The KISS (“Keep It Simple, Stupid”) principle reminds us that a simple solution is actually more defensible than an over-engineered one. Capitalization is amazingly not that complicated in nature (at least considering what agilists need to understand.) With “software eating the world,” software is becoming a major financial asset. Finance simply needs to understand which assets are being released. Do we release stories? No! We implement stories but we release features. Features (or bundles of released features) are the financial assets. Feature releases are deployed to customers, creating natural, capitalizable bundles. Finance does not like “stories”figuratively and figuratively : ) Finance does not like estimates, either, and story points are an estimate of effort.
A defensible solution requires actuals, not estimates. Very few agile teams really track their actualized story points, which would be considered a form of waste since that activity does not contribute to delivering value. Capitalization solutions relying on calculating cost per story point are not only over-engineered and wasteful, they run the risk of creating capitalization rules that are too complex to manage, as they force accounting into putting financial controls at too low a level of granularity. Remember the Consistency principle at the heart of the solution? Many agile teams don’t even use story points (for example, Kanban teams,) so the Consistency audit test would likely fail.
Over-engineered capitalization policies often have their roots in poor agile practices. Good agile practices lead to features predictably delivered in a release, where all release-related labor costs can be considered for Capex. Occasionally stories not completed for a feature release are identified and labor costs associated with their efforts should be reported as Opex, but good agile practices would make that an exception (and an opportunity for learning and improving.) Ideally the effort would be recognized early enough to limit labor costs to a point of non-materiality.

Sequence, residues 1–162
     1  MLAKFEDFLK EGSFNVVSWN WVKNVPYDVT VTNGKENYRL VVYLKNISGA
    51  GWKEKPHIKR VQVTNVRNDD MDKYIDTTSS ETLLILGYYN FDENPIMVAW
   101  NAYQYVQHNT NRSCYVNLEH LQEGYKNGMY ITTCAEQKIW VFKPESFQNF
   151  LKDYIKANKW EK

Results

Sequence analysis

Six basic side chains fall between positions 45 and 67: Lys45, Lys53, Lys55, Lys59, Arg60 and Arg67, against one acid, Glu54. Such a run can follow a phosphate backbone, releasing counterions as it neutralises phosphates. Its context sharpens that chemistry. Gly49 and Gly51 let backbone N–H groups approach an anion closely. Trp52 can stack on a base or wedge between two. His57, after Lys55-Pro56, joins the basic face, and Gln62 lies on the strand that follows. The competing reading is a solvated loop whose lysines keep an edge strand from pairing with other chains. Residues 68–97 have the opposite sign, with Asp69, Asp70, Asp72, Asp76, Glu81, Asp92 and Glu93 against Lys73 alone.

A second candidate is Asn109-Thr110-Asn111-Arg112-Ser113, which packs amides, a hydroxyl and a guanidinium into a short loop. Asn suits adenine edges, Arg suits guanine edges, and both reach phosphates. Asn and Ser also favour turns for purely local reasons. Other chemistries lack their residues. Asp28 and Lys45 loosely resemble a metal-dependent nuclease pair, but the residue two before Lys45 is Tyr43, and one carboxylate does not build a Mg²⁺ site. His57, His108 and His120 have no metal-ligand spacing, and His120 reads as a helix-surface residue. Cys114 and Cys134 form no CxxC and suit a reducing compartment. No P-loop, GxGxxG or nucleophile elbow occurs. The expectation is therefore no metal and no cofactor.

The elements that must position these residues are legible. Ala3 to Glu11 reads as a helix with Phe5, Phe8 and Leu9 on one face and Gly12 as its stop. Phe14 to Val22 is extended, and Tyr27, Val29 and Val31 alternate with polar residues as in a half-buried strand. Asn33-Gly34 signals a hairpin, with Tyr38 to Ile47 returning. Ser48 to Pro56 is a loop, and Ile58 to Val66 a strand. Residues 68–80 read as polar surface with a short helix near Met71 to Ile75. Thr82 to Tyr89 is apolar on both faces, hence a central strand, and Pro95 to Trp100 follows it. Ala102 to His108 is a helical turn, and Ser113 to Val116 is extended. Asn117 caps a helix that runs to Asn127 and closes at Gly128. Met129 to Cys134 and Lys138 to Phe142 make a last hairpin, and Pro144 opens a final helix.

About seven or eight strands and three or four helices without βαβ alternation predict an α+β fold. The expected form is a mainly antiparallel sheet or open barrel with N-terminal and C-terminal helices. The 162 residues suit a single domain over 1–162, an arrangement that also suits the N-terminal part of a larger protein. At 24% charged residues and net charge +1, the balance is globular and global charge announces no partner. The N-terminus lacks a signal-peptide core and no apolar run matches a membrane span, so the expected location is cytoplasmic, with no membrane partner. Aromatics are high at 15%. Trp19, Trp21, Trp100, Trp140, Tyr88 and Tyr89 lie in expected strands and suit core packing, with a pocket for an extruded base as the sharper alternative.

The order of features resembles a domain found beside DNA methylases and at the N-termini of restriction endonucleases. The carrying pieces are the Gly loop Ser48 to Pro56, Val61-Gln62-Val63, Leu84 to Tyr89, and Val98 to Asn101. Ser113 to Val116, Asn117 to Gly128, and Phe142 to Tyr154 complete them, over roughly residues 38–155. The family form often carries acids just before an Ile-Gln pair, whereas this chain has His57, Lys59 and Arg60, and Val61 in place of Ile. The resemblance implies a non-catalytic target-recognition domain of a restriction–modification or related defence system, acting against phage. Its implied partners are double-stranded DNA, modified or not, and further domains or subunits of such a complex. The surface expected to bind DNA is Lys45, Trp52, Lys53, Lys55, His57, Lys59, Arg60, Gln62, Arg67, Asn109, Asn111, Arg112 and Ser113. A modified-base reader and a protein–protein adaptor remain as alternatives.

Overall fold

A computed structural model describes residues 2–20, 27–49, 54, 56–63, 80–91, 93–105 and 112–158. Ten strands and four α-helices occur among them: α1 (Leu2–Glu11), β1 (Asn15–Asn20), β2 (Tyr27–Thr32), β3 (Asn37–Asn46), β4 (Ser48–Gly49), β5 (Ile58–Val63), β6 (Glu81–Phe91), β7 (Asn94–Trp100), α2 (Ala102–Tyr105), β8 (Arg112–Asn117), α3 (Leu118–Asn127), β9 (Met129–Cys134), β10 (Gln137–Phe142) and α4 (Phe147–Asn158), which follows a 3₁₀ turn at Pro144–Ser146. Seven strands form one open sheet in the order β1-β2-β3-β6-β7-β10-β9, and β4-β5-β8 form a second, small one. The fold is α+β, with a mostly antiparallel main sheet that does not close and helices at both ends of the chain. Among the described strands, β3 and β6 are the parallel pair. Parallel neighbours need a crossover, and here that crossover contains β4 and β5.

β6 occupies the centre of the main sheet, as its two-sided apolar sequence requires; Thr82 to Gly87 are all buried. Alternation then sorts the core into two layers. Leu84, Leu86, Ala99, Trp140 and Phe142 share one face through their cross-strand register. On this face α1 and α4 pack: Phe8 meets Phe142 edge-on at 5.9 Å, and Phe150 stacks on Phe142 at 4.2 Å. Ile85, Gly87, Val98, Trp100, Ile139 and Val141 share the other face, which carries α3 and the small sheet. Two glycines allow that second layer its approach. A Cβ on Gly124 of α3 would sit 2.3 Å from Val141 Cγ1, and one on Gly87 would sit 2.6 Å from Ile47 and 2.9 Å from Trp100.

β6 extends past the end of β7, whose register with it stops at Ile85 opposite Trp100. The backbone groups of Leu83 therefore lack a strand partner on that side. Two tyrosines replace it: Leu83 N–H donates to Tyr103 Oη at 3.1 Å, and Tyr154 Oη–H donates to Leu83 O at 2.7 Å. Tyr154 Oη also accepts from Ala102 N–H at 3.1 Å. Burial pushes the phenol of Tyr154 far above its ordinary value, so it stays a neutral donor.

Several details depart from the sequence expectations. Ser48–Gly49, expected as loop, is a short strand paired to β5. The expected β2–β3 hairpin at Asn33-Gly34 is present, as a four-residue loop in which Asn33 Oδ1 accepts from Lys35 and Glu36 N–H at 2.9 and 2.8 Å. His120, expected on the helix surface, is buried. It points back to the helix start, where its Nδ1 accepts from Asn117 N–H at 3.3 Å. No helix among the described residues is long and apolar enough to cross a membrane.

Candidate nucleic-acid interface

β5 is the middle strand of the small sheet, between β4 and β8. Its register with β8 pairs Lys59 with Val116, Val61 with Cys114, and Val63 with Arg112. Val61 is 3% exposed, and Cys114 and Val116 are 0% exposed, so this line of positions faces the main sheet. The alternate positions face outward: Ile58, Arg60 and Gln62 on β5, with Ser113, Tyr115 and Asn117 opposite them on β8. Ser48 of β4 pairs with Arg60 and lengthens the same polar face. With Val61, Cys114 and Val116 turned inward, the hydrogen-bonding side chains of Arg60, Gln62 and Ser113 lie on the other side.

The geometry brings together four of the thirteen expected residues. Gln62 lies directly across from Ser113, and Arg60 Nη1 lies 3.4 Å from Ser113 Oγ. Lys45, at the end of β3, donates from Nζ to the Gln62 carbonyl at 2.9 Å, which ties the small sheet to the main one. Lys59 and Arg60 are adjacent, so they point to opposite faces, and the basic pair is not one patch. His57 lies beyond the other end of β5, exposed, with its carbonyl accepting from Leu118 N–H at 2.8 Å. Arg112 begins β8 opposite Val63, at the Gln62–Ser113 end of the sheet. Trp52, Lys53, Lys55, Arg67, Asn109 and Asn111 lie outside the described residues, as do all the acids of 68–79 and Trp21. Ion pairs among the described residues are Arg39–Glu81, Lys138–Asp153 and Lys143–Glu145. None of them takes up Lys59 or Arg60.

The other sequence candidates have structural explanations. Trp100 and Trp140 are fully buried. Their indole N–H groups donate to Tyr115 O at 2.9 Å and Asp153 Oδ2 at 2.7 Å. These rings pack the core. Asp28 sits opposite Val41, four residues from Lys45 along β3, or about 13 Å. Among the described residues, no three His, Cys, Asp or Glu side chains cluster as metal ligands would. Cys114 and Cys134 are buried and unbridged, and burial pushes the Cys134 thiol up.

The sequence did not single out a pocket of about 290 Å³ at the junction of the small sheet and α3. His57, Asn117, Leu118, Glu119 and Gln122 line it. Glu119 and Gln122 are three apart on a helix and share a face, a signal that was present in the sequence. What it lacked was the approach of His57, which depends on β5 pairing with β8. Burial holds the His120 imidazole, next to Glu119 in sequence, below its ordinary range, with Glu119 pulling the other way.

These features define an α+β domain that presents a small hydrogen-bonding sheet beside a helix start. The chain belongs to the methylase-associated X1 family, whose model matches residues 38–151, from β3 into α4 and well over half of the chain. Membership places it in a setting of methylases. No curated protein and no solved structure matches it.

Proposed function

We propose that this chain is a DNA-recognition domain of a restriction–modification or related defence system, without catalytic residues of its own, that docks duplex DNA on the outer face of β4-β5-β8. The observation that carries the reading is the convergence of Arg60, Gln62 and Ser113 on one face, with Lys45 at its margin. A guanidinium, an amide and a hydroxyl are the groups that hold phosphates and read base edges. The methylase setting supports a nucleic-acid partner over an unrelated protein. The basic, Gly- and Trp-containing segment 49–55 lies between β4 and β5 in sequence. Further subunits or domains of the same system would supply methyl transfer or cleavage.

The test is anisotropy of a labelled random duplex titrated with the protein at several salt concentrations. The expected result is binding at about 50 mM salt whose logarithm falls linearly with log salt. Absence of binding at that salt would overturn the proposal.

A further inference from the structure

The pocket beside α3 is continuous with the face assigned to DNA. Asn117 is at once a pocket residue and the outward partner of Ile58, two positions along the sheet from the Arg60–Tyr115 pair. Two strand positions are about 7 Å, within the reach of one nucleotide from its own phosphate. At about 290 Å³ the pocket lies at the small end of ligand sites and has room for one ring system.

Important to agilists is this: the stronger your agile practices, the simpler your capitalization policy can be. Strong agile practices focus on delivering valuable, high-quality features that translate into financial assets with limited production fixes and minimal overhead “expense.” Past the feasibility (investment approval) phase, most of the agile work can be considered for Capex. Exceptions, such as stories not completed for a release, can simply be reported by ScrumMasters to technical Accounting for a materiality assessment before deciding on Opex. Favoring conversations over tools and processes, you can trust ScrumMasters to have the conversation instead of wastefully automating story-level tracking.
Bottom line: a simple and defensible capitalization policy leverages strong agile practices and has provisions to handle the exceptions.
#8: Bending agile practices to fit in waterfall-based phases
Organizations familiar with waterfall software capitalization and new to agile have a tendency to fall into this pitfall. Instead of fitting good agile development practices into the (designed-for-waterfall) SOP 98-1 phases, they bend their agile practices to make the mapping of agile labor costs similar to waterfall phases. For instance, they may create Design stories, Implementation stories and Test stories, then apply the labor cost of each story to the respective GAAP buckets, expensing Design and Test stories and capitalizing the Implementation stories. As described in the previous pitfall, when adopting good agile practices you should not have to track Capex/Opex at the story level. Once the feasibility phase is achieved, all development activities that can reasonably be traced to delivering features—the capitalizable financial assets—fall into the Capex bucket, including ScrumMaster efforts to remove impediments and as agile ceremonies like standups and release planning.